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Mistakes I made alo...
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Mistakes I made along the way.

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Reputable Member
Joined: 17 years ago
Posts: 228
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Hello all...let me start by apologizing for the long post.

It's been a while since my last visit here. It's good to be back...and not just to the Guitar Noise forums...but to the guitar. I know everyone takes a break from playing. For me, the break lasted about a year. I was playing the same stuff over and over, and not getting much better at it. I had overloaded myself with theory and the technical aspects of music. I ate, drank and breathed it..every second of the day...even at work. A few years go by and at that point, my teacher said my progression, from his view point, was no longer vertical. So we agreed that my money would be better spent elsewhere. Looking back, he was a good teacher.

I found another teacher. A tremendously talented finger-style guitarist very active and successful in the local music scene. Great player, not a great teacher, in my opinion. I watched him jam...that was it. He didn't teach. So a month goes by and we part ways. From that point, I just started practicing the songs I had already learned...and I stopped learning new things. Bad move. The recipe was done..I had hit the wall..hard. I had had enough and I walked away, fed up...mostly with myself. I had been playing for about 5 years..I knew plenty of songs, and scales, and chords, and theory..but just did not feel very...musical. All I did was practice...I forgot about "playing" music. I felt..mechanical.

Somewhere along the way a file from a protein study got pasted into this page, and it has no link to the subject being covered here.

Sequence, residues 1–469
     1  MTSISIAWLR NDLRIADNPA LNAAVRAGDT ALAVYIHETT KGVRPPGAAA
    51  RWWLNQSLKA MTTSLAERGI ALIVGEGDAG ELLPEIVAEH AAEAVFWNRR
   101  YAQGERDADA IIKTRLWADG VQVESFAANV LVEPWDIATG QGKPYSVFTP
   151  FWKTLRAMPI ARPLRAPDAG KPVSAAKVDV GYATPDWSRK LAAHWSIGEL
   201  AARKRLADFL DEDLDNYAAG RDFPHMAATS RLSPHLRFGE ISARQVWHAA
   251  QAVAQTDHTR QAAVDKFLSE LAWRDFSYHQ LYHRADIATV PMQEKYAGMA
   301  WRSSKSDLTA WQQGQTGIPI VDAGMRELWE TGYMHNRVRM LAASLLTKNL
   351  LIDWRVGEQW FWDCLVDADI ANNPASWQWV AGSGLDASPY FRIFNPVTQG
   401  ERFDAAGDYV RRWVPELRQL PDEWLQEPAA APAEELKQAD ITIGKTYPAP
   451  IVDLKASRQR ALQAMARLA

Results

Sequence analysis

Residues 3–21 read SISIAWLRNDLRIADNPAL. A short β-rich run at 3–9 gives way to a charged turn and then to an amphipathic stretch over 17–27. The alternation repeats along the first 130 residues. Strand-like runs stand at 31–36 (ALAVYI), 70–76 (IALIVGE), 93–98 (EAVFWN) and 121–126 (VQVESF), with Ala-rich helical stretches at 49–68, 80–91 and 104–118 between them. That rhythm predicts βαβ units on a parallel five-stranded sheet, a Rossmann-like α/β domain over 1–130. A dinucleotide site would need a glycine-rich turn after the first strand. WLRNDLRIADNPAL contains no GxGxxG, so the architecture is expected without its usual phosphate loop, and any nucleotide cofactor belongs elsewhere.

Fast forward..I pick up the guitar again..about 6 months ago. I knew I needed to go in a different direction. I haven't found another teacher, but I did enroll in a on-line music class at Berklee College of Music to try and expand my learning. For the course grades, I record myself over backing tracks and send them to the instructor. I have 2 assignments each week. The assignments are pretty basic at this point, but I seem to be "playing" music...the timing, flow, progression and "feeling" of the piece I'm working on...and I hear it (or the lack of it) in the recordings. This class won't take the place of a good flesh and blood teacher and I hope to find one soon...a teacher that is interested not just in his/her wallet, but in my growth. The search continues.

So the moral (and my advice to new players) to this story is..don't just practice music and try to feel it. Try recording yourself playing a simple open chord progression to a backing track, then listen to's a valuable learning tool. I wish I had done it years ago. Learn something new every day and keep it simple at first. Don't overwhelm yourself with theory, take it a bit at a time. Don't be too hard on yourself when things don't go your way. If you can afford it, find a teacher that wants you to grow as a guitarist. Yes, they do exist...many of those teachers frequent this very forum.

So looking back, the break I took wasn't necessarily a bad thing. I think it gave me the insight I needed to start playing music..not just to go through the motions. And I hope my experience can help others not make the same mistakes.


I may grow old, but I'll never grow up.

Estimable Member
Joined: 11 years ago
Posts: 75

So up to the point of Berkele you didn't record yourself? Or play over backing tracks. The two best ways to learn. As soon as I could put two notes together I started recording for prosperity sake and I listen to them often and found I've gotten better and better. I record almost every time I practice.

Active Member
Joined: 10 years ago
Posts: 12

Unfortunately, the best things to learn to becoming a good musician and to improvising are not usually taught, although they are not terribly difficult:

* target tones
* avoid tones
* phrasing
* expressing harmonic change through the improvised line

Chord/scale theory disregards the first two and fourth bullet points, which makes it less than ideal as far as learning to improvise.

Music, Improvisation, and Jazz Education